Learning from Travel
I still have the journal I kept in second grade when my family traveled to California. Travel provides hundreds of learning opportunities each day. Instead of assigning students homework on material they hadn't yet been taught, I put together a travel packet and kept copies ready to hand out when I was informed that a student would be away from class traveling. It saved me a lot of stress and the final product was something hopefully kids will keep for 50 years!
Cover page. This might have an attractive artistic border to be colored and should have a title ("My Trip to California"), the date, and the name of the student.
General information. On the first interior page, write some or all of the following:
- Date the trip started.
- Date the trip ended.
- People who traveled with me.
- People we visited.
- Places we stayed (hotels, houses of relatives/friends, campgrounds, motels)
- Types of transportation we used (boat, bus, train, airplane, taxi, bicycle, motorcycle, motor home, car, hiking)
Preparing for the trip. List what you need to pack.
Itinerary. Make a chart with days, dates, and places you plan to be during the trip. Include one or more addresses and leave them with someone at home so you can get mail.
Maps. Find a world map, United States map, and/or state maps to take with you. Find places you will be going on the map. Draw your planned route, using one color to show airplane travel and another color to show land travel. Highlight the names of the places you will be visiting.
Road map. Get a road map that shows the state or city you will visit. With mom and dad's help, keep track of your route on the map as you travel.
Research. Use an encyclopedia or almanac to look up information on one or more cities you will visit. Then look up the same information for your city or a city near you and make comparisons. Which city is larger? How many more people live in one than the other?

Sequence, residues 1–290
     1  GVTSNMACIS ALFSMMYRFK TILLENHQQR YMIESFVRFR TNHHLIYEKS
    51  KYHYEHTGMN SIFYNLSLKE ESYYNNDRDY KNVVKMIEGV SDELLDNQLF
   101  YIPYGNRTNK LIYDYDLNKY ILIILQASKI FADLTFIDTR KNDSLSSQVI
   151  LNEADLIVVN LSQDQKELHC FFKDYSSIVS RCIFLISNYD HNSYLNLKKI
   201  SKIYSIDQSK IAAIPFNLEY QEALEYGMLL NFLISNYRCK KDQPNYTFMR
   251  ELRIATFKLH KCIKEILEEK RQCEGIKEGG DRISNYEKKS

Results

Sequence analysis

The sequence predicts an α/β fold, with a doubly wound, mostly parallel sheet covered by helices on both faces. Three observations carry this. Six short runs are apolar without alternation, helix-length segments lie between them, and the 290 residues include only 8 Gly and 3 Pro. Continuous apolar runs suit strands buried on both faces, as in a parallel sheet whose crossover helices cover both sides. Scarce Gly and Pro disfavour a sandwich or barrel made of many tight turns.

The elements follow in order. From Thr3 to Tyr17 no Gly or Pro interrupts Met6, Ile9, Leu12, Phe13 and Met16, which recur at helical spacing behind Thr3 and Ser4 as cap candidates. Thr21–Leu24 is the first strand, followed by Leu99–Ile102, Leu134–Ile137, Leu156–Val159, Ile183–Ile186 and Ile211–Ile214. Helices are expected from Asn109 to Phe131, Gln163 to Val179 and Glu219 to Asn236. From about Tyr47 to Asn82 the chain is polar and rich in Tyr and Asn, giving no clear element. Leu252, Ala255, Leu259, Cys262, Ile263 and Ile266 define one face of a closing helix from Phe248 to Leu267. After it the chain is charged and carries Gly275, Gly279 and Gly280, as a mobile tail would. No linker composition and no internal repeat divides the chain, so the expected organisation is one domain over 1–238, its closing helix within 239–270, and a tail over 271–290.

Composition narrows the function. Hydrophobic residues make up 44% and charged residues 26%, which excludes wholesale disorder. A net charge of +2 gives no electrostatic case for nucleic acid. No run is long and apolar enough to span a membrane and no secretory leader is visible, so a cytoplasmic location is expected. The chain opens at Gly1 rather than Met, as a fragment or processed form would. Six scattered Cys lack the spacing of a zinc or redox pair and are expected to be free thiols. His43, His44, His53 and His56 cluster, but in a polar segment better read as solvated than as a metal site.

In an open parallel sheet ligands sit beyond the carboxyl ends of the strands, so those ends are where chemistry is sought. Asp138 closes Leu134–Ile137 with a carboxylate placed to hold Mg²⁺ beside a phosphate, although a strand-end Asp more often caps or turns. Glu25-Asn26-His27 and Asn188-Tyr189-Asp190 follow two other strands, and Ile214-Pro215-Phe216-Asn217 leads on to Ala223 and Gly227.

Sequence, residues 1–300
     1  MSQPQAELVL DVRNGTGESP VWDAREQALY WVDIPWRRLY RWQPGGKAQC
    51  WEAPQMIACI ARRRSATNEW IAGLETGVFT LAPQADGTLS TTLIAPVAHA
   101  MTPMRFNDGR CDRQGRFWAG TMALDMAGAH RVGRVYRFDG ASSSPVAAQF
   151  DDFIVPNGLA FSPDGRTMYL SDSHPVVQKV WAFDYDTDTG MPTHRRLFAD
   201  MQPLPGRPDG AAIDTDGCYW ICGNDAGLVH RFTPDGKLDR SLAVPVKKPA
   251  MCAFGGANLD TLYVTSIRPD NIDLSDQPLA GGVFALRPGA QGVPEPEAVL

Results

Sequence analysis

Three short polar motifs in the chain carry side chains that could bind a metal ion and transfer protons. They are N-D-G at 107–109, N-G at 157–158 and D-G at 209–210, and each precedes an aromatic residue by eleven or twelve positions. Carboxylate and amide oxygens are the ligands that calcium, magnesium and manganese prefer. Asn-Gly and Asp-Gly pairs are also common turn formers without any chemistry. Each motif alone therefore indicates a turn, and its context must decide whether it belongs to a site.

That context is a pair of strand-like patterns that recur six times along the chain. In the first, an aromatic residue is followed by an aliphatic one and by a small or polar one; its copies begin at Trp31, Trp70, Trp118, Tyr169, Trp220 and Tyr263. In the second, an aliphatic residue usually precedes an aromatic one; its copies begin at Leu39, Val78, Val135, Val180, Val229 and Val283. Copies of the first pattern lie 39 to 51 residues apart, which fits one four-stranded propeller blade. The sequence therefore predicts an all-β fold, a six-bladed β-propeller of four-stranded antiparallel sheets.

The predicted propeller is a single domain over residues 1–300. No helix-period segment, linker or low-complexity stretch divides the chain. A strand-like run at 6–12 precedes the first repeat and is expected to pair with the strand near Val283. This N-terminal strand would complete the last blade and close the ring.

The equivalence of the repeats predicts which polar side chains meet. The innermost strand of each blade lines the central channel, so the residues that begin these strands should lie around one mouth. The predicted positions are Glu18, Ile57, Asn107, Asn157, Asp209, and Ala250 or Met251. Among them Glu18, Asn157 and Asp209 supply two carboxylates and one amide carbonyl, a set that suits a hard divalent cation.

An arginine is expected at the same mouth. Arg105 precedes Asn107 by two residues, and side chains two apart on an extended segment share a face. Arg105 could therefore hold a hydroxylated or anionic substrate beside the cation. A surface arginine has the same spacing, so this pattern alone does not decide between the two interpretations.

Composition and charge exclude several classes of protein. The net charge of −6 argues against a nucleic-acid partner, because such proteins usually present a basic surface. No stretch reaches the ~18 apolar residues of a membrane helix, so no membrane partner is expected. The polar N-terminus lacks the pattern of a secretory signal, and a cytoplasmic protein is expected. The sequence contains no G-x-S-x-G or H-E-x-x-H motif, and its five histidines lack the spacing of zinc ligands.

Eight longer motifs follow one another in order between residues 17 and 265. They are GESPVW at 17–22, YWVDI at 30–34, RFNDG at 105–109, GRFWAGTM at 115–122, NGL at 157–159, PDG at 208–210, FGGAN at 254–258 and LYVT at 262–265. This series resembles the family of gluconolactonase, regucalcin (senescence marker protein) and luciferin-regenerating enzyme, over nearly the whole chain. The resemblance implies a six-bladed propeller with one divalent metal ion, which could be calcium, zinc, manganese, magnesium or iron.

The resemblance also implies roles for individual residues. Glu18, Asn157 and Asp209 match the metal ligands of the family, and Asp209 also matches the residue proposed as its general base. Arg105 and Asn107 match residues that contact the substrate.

- Name of place (city and state)
- Land area
- Population density
- Average temperature this time of year
- Annual rainfall
- Sights to see or things the place is known for
Tourist information. Visit a travel agent and get brochures and information on some place you plan to visit. Keep these in a folder and answer the following questions.
- List three sights to see
- Name, address and phone number of the travel agency.
Background research. Find and read an encyclopedia article, book or magazine article about one place you will visit. Write down three things you learned and include bibliographic information (author, title, etc.).
Mileage chart. Find a mileage chart of major cities in the United States if it's a U.S. trip. You can find one in a road atlas. How far is it from a city nearest you to the nearest destination city? How far is it from _____ to _____? Is it farther from _____ to _____ or from _____ to _____?
Foreign travel. If your travel is to another country, find the following information:
- Name of country
- Population Density
- Language spoken
- Money (bring back a small bill and a coin if possible)
- How to say "Hello"
- How to say "Thank you"
- How to say "Goodbye"
- Drawing or picture of flag
- Reading the plane/train ticket.
- Find where it shows the day and date of departure.
- What time will you depart and on what flight?
- Find where it shows the day and date of arrival.
- What time will you arrive and on what flight?
- How many hours with the flight take, start to finish?
- Is this a round trip ticket? One way ticket?
- What are the airport code letters?
Time zones map. Find out why there are time differences. If it is 10:00 here, what time will it be at your destination? Add one hour for every zone heading west and remember to check if daylight saving applies.
List books read on the trip. Take along some recreational reading for those times you have to wait. Make a brief list including author, title, number of pages and how you liked the book.